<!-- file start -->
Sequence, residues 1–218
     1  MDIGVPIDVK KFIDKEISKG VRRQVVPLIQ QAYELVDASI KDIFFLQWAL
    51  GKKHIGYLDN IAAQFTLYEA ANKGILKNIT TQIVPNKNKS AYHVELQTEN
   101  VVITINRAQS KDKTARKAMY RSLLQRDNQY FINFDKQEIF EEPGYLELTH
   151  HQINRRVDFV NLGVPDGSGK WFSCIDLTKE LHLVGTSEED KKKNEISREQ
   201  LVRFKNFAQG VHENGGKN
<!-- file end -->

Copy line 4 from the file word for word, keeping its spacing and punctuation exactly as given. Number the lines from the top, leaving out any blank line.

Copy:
   101  VVITINRAQS KDKTARKAMY RSLLQRDNQY FINFDKQEIF EEPGYLELTH